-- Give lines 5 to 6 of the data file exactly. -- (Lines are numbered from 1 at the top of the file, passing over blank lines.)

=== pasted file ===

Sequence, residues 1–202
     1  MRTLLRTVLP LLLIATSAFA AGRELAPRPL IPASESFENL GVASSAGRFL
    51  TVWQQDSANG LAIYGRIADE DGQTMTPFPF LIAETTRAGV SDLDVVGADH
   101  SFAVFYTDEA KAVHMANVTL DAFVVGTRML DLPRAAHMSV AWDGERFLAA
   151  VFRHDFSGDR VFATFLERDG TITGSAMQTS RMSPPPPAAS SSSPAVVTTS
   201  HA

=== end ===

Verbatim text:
   151  VFRHDFSGDR VFATFLERDG TITGSAMQTS RMSPPPPAAS SSSPAVVTTS
   201  HA